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Thursday, December 06, 2007

The Eleven Plus Maze

We often hear the phrase: `Navigating our way through the maze of the Eleven Plus.”

Back in the ninth century Arabs in the Indian Ocean appeared to be the first to use instruments at sea. They measured star altitudes by using a staff – which became a series of wooden tablets on a knotted string. This gave estimates of latitude – and helped navigation.

Many years ago I struggled through the maze at Hampton Court. I can recall the feeling of helplessness as I tried to find either the centre of the maze or the way out. The hedges all looked the same. The people all looked the same. I remember too the shouts from groups as they thought they had discovered the way out.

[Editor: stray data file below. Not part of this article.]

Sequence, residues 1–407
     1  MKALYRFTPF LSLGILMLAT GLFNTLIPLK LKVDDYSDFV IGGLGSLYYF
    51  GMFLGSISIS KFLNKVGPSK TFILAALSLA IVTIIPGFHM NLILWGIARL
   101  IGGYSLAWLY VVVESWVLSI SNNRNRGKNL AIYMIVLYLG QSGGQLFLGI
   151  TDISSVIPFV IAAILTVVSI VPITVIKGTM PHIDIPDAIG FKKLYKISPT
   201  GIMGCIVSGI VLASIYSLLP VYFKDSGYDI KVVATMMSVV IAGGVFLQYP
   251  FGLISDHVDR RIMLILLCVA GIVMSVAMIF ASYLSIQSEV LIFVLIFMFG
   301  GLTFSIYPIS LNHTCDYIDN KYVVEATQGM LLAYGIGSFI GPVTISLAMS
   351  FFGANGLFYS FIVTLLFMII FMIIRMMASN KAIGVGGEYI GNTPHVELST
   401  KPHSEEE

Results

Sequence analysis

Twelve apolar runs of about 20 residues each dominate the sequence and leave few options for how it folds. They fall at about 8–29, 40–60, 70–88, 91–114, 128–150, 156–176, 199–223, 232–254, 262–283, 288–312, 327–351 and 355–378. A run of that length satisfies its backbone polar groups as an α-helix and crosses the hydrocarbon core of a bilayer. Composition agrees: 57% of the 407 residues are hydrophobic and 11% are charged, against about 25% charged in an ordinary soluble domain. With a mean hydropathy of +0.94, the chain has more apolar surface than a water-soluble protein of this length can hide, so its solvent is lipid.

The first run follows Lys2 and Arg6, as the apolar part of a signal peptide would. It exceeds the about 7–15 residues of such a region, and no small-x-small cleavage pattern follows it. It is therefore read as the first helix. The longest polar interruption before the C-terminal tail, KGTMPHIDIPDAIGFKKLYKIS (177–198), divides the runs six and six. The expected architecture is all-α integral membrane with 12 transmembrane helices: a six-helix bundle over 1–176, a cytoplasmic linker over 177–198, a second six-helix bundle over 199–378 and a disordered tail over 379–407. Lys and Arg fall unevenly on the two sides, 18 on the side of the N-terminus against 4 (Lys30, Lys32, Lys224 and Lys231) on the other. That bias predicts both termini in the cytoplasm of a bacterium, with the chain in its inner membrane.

When Theseus entered the maze he tied one end of a ball of string to a post at the entrance. But we do know that he was given the ball of string by the beautiful Ariadne.

So this is a little warning to fathers of eleven plus children. If you are handed a piece of string during the Eleven Plus year you will need to be especially careful.

You may be asked to take over the navigation of the Eleven Plus. (Leave it to the one who knows.)

You may be asked to slay a Minotaur – half a bull and half a man. (Dangerous Work!)

You may be asked to distinguish between a maze and a labyrinth. (A typical Eleven Plus question.)

You may be asked to solve tricky Non Verbal Reasoning questions. (Not for the faint hearted!)

At times too you may feel `all at sea’ and just long for the comfort of a series of worry beads.

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